Thanks for your time, and I hope these things that I’ve learned may be able to help some of you. I tried to keep this short, sweet & simple, but if you’d like to discuss any of this in more detail, please feel free to contact me through my website.

Cheers,
Rob

Rob Foldy is a freelance sports photographer working primarily for Getty Images. He uses Canon cameras & lenses and Think Tank Photo bags & accessories. You can see more of Rob’s work at RobFoldyPhotography.com, and follow him on Twitter and Instagram.

Tuesday
Apr
2014
01

How ’bout a Free Expo-only Pass for Photoshop World Atlanta?

by Scott Kelby  |  7 Comments

If you can’t make the full three-day training conference, how about a FREE Expo-only Pass for the upcoming Photoshop World Conference & Expo coming up in Atlanta in like 6 days? (April 8, 9, and 10th). That way, you can check out the show floor, see some cool gear, check out Adobe’s tradeshow booth and all the fun stuff at the Expo portion of the show.

Even though these passes are $40 at the door,  if you register for your FREE pass now online, B&H Photo will pick up the tab for your Expo pass (how sweet is that!). 

Is it worth going to just the expo?
If you’ve never been to our Expo floor, it is truly awesome! There are lots of classes running on the Expo floor; tons of demos and special expo-only pricing on gear; Adobe will be there along with lots of software and hardware vendors (everyone from Canon to Epson to Westcott and more!), lots of cool stuff to see and learn (there’s a theater with free classes going all day), and totally lots of fun! Best of all — it’s free (if you reserver for your free tickets now, in advance).

Sign-up now for your free Expo-only pass (good for two admissions) right here.  (IMPORTANT: when you get to that page, scroll down and click on the “Free Expo Pass” button) then click “Register Now.”

See you in Atlanta next week!

-Scott

P.S. I had hoped to have Indy Racing photos to post today, but I’m behind on….well…everything. Hopefully will have them ready soon. 

Monday
Mar
2014
31

One Shot of Many To Come

by Scott Kelby  |  12 Comments

Hi Gang: I covered the Firestone Grand Prix of St. Petersburg all day yesterday. I have lots of stories, but I also have loads of shots to go through and I didn’t get home until late, so I don’t have images to post yet (well, here’s one, taken during a pit stop).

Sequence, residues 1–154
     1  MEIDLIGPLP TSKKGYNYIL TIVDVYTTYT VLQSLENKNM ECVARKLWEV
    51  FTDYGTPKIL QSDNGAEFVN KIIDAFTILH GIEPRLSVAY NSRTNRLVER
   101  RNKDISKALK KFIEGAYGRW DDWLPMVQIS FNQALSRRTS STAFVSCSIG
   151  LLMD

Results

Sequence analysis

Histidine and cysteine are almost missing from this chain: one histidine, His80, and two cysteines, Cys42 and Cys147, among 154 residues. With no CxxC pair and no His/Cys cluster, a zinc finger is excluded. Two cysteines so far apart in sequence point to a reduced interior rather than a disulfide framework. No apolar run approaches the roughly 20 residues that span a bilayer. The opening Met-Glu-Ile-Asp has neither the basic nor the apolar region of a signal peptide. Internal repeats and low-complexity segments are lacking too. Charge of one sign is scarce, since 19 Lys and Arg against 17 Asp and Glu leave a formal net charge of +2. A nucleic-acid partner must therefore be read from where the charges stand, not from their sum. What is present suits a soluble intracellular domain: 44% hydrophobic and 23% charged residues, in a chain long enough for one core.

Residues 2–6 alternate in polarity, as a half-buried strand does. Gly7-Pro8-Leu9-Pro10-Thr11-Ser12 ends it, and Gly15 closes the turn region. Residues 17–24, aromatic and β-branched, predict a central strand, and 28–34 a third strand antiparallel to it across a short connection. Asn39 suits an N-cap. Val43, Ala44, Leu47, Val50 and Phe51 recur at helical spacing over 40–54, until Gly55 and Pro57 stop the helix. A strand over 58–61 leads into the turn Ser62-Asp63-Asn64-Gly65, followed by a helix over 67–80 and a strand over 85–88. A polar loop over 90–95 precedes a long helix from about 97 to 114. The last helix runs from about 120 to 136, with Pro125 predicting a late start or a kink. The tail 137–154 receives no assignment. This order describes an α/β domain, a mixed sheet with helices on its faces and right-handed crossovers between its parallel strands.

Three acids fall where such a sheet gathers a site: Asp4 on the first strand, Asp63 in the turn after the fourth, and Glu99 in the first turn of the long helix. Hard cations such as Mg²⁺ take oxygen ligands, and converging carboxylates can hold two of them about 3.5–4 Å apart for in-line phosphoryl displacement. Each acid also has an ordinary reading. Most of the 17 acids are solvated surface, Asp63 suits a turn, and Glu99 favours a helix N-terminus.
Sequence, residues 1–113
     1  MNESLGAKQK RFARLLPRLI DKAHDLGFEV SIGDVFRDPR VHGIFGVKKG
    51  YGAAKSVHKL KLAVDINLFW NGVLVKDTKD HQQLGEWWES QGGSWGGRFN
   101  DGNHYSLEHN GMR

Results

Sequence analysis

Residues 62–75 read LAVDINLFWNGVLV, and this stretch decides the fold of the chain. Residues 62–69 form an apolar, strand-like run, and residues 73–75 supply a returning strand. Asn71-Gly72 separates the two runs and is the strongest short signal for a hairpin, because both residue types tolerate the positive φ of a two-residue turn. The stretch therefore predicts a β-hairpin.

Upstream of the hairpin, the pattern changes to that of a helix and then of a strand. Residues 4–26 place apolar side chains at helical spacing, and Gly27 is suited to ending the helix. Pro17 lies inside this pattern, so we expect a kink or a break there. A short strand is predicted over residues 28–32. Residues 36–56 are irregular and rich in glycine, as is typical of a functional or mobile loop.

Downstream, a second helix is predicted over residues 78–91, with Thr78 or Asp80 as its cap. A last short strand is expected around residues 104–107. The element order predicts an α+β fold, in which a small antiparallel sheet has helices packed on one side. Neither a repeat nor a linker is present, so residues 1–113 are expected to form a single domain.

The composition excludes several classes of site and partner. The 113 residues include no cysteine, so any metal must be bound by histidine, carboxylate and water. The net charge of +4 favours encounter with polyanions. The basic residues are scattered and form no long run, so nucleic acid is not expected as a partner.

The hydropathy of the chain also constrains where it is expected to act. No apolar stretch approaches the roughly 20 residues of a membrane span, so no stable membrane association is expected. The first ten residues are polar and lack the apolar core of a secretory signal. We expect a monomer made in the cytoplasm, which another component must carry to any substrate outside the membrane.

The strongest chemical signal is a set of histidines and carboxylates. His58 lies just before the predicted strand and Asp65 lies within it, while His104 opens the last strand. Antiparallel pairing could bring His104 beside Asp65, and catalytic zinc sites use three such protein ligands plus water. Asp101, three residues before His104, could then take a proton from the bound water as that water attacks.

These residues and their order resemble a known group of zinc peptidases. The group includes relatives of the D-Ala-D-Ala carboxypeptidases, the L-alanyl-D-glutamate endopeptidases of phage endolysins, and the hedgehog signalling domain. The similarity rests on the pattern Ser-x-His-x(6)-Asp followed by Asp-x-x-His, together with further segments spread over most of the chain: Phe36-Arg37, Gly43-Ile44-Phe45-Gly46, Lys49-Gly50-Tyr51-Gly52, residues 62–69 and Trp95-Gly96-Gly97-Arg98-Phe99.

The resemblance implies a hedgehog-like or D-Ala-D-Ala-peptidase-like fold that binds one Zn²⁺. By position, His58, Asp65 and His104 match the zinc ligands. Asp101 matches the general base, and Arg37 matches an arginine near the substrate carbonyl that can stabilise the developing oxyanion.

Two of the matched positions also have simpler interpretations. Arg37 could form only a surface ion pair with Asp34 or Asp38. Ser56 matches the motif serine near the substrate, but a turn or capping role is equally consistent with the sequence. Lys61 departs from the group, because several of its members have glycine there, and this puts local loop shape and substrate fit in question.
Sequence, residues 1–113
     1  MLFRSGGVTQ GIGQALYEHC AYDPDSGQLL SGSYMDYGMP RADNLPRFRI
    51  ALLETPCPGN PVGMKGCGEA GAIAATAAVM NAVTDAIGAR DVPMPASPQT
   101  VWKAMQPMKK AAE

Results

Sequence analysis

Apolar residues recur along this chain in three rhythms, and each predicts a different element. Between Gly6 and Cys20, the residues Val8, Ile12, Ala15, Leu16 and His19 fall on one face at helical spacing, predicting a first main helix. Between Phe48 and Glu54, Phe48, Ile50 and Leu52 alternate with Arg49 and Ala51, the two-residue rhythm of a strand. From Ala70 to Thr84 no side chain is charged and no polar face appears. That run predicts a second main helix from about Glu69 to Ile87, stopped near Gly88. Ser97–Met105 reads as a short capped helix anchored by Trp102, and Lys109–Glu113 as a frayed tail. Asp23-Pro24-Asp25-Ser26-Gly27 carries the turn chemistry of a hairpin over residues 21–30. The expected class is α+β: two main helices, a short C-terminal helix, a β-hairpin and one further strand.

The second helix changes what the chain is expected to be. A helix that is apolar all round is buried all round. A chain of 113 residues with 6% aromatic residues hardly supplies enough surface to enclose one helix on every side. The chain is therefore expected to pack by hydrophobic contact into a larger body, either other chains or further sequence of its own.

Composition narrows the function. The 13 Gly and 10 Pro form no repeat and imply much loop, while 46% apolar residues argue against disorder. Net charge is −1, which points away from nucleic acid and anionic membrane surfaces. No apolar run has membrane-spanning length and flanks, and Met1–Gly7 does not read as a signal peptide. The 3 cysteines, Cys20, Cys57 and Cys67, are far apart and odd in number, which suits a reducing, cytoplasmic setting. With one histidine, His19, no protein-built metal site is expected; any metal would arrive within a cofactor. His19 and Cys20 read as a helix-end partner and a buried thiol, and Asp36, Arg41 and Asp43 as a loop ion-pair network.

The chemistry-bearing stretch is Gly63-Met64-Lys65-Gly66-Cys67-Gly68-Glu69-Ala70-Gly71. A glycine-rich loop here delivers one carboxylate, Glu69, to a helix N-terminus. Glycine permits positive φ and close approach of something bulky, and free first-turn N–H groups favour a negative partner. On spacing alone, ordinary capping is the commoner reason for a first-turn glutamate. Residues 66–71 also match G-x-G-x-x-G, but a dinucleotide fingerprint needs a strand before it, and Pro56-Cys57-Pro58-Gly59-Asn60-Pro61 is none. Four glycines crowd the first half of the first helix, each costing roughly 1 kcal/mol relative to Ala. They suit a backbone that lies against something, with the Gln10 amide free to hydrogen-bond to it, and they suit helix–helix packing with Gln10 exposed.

I hope to post more shots tomorrow along with a story that I hope will help you in covering events (what I learned will certainly help me).

Lots more going on this week (this is the week before the Photoshop World Conference in Atlanta), so I’d better run. Hope you all have a great Monday, and we’ll see you tomorrow for some Indy stuff. :)

Hope you have a rockin’ Monday!

Best,

-Scott

Friday
Mar
2014
28

1: Brrrrrrr! 2: Gregory Heisler for President (3) Salt Lake City Here I Come!

by Scott Kelby  |  16 Comments

Greetings from freakin’ cold Minneapolis!!!
Look, I was born and raised in Florida — I’m not sure I can function in temperatures below 60° and I have a seminar to do today here, so can somebody please call the convention center and make sure they have the heat turned on? ;-)

Looking forward to meeting everybody (over 300 photographers signed up for my class here today).

How to take a big leap in your portrait photography in just 64 minutes
If you thought you could really make a big improvement in the quality of your portraiture in just a little over an hour of your time, and it was totally free, you’d do it, right? Of course! Then sit down today, or this weekend, and watch Gregory Heisler from his appearance on our “Blind Critiques” episode of “The Grid” from this past Wednesday (posted here above). He just absolutely crushed it! I’ve already seen people on social media calling it our best episode ever, and you will be amazed at the way he communicates the how’s and whys of getting great portraits — it will change the way you think and shoot. Just brilliant! I say “Gregory Heisler for President in 2016!”

Two Tickets to Paradise!
OK, how about a chance to win a free ticket (for two lucky people) to my Salt Lake City stop for my “Shoot Like a Pro” tour? I haven’t been to Salt Lake City in about 10 years, and I’m excited about going (and catching lunch the day before at Crown Burger — I still remember it — it was that good!).

Anyway, I’ve got two FREE tickets (one ticket for two separate people). Just leave a comment here and you’re entered. I’ll pick the winners on Monday. Good luck and I hope to see you there on April 14th (at the seminar. Not Crown Burger).

Here’s a quick video that explains the seminar (below):

OK, I’d better head over to the Convention Center. Looking forward to see a lot of you today (bring me some hot coffee and a blanket and maybe a snow plow!). ;-)

Have a great weekend!

-Scott
Brrrrrrrrrrr!

P.S. If you haven’t signed up for the Photoshop World Conference & Expo coming up in 10 days in Atlanta, there’s still time. Here’s the link.